Pressing Pause On A ‘National Conversation On Race’

Everyday brings more examples. People regularly write, speak, and/or behave in ways a majority of people would deem racially insensitive, if not outright racist. What should we do about that?

It seems like we’ve decided to make the consequences so severe that the racially insensitive have no choice but to suppress their racist tendencies. Dox them, ostracize them, fire them from their jobs.

Conservative Republicans, who not always, but often are racially insensitive, are quick to label this “cancel culture” which only adds to their persecution complex and makes them even more defensive on subjects of race.

Personally, at this time of heightened racial consciousness, I’m most interested in what militant black men and women are thinking. The more militant, the more I tune in.

Historically, there have been repeated calls by progressives of all colors for a “national conversation on race”. As a life-long educator, that strategy is my preferred one, but I’m not hearing militants make many, if any references to “conversation”.

Maybe that’s because conversation requires slowing down in order to address mutual defensiveness. Instead, activists are accelerating demands for long sought for changes which makes total sense given our collective attention deficit disorder. How long until the media spotlight shifts? In essence, strike now for legislative protections against state-sponsored violence; strike now for the removal of Confederate statues, flags, and related symbols; strike now to destroy white supremacy in whatever form.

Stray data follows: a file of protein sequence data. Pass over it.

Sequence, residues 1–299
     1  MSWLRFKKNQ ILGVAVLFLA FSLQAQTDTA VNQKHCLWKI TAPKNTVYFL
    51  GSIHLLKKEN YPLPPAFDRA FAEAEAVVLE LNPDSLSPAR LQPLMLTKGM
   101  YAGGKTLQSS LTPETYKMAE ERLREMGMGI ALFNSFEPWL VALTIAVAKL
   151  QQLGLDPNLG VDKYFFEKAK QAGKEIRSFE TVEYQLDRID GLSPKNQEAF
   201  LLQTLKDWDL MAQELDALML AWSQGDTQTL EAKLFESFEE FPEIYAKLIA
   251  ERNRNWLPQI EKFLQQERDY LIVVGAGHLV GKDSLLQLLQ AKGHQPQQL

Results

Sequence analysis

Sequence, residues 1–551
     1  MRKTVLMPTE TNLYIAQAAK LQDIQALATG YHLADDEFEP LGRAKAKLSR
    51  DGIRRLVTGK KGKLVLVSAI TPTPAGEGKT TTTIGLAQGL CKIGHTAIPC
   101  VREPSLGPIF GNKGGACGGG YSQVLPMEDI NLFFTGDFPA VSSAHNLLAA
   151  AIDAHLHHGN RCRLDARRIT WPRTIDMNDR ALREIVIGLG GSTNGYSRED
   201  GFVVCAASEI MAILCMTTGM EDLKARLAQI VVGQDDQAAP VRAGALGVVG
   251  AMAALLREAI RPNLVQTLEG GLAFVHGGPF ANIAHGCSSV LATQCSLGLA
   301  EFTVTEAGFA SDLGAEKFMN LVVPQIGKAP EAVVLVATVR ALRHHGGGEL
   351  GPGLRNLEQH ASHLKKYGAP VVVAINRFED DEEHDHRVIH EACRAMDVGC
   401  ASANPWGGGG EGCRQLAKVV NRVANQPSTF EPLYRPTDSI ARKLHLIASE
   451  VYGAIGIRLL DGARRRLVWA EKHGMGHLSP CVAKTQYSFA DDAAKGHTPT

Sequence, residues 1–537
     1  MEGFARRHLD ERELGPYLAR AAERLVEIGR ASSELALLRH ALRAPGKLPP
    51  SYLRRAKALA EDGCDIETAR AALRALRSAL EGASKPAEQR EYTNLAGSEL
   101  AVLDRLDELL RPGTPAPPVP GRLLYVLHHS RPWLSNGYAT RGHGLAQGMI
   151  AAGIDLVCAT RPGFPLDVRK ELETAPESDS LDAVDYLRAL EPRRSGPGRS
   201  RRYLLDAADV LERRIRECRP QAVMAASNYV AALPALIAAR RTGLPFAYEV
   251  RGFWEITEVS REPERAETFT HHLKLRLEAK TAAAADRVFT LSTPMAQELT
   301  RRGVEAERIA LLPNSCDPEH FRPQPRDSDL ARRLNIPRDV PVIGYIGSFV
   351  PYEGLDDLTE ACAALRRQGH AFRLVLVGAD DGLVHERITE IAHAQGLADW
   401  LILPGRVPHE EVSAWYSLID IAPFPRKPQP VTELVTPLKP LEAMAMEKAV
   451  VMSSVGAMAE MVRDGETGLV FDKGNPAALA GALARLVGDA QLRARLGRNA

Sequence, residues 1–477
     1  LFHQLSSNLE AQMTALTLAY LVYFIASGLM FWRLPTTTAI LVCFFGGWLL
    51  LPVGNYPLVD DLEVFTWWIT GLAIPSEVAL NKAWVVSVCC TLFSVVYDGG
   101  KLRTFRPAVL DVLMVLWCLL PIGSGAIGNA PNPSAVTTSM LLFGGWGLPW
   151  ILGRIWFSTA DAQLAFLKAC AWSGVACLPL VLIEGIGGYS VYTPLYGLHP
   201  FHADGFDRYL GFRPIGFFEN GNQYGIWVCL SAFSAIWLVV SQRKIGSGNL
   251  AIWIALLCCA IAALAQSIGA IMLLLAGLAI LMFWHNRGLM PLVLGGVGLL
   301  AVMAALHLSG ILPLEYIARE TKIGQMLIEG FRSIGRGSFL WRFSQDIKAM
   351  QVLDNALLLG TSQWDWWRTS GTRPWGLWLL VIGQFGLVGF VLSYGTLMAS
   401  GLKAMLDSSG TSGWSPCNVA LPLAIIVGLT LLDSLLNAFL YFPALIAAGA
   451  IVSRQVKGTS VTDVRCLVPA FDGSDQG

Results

As a pro-conversation educator, I’m out of step with the times. Which is okay. Just know I’ll be committed to the conversation long after the spotlight shifts.

 

Minneapolis Burns

“Being black in America should not be a death sentence,” Minneapolis Mayor Jacob Frey.

Violent protests over Floyd death spread beyond Minneapolis.

The Death of George Floyd, in Context.

How White Women Use Themselves as Instruments of Terror.

 

 

White, Male, Runner Privilege

I can run alone, anywhere in my Pacific Northwest county, even after dark. And I do. Without thinking twice. That is the ultimate white, male, runner privilege.

Women have to consider time and place. African Americans have to consider time and place and whether to ever run alone.

I’ve never been more aware of my white, male, runner privilege than this week when the story of Ahmaud Arbery, an African American who was killed while on a run in Georgia two months ago, broke wide open. Today would have been Arbery’s 26th birthday.

Only yesterday were the father and son who stalked Arbery and then killed him arrested. And only because a video of the incident was discovered. Had there not been video, they probably would’ve gotten away with murder. And they’re not convicted yet, only arrested.

Charles Blow draws on the police report which detailed the father’s explanation for why he and his son chased Arbery:

“McMichael stated he was in his front yard and saw the suspect from the break-ins ‘hauling ass’ down Satilla Drive toward Burford Drive. McMichael stated he then ran inside his house and called to Travis (McMichael) and said, ‘Travis, the guy is running down the street, let’s go.’ McMichael stated he went to his bedroom and grabbed his .357 Magnum and Travis grabbed his shotgun because they ‘didn’t know if the male was armed or not.’”

Blow then provides needed context:

“Arbery was not armed, and he was not the ‘suspect’ in any break-ins. He was a former high school football player who liked to stay active and was jogging in the small city of Brunswick, Glynn County, Ga., near his home.

Neither of the McMichaels was arrested or charged.” 

And the ultimate context:

“Slavery was legal. The Black Codes were legal. Sundown towns were legal. Sharecropping was legal. Jim Crow was legal. Racial covenants were legal. Mass incarceration is legal. Chasing a black man or boy with your gun because you suspect him a criminal is legal. Using lethal force as an act of self-defense in a physical dispute that you provoke and could easily have avoided is, often, legal.